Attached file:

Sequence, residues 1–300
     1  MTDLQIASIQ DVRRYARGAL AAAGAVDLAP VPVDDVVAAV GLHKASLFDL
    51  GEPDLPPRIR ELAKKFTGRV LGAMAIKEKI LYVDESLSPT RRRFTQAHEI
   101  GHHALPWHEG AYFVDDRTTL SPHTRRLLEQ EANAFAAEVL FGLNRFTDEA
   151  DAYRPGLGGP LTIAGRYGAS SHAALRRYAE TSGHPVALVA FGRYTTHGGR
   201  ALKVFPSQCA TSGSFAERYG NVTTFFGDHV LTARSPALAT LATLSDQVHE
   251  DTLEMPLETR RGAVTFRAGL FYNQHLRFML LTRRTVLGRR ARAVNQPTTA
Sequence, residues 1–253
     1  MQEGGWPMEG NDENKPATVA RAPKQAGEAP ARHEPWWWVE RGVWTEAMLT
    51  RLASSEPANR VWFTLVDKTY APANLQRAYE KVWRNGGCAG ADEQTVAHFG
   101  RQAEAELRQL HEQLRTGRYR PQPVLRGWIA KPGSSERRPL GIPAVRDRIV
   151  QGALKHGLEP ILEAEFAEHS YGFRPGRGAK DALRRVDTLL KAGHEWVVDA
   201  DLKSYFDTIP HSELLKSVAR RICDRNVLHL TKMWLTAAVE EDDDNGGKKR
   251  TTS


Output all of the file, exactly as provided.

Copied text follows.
Sequence, residues 1–300
     1  MTDLQIASIQ DVRRYARGAL AAAGAVDLAP VPVDDVVAAV GLHKASLFDL
    51  GEPDLPPRIR ELAKKFTGRV LGAMAIKEKI LYVDESLSPT RRRFTQAHEI
   101  GHHALPWHEG AYFVDDRTTL SPHTRRLLEQ EANAFAAEVL FGLNRFTDEA
   151  DAYRPGLGGP LTIAGRYGAS SHAALRRYAE TSGHPVALVA FGRYTTHGGR
   201  ALKVFPSQCA TSGSFAERYG NVTTFFGDHV LTARSPALAT LATLSDQVHE
   251  DTLEMPLETR RGAVTFRAGL FYNQHLRFML LTRRTVLGRR ARAVNQPTTA
Sequence, residues 1–253
     1  MQEGGWPMEG NDENKPATVA RAPKQAGEAP ARHEPWWWVE RGVWTEAMLT
    51  RLASSEPANR VWFTLVDKTY APANLQRAYE KVWRNGGCAG ADEQTVAHFG
   101  RQAEAELRQL HEQLRTGRYR PQPVLRGWIA KPGSSERRPL GIPAVRDRIV
   151  QGALKHGLEP ILEAEFAEHS YGFRPGRGAK DALRRVDTLL KAGHEWVVDA
   201  DLKSYFDTIP HSELLKSVAR RICDRNVLHL TKMWLTAAVE EDDDNGGKKR
   251  TTS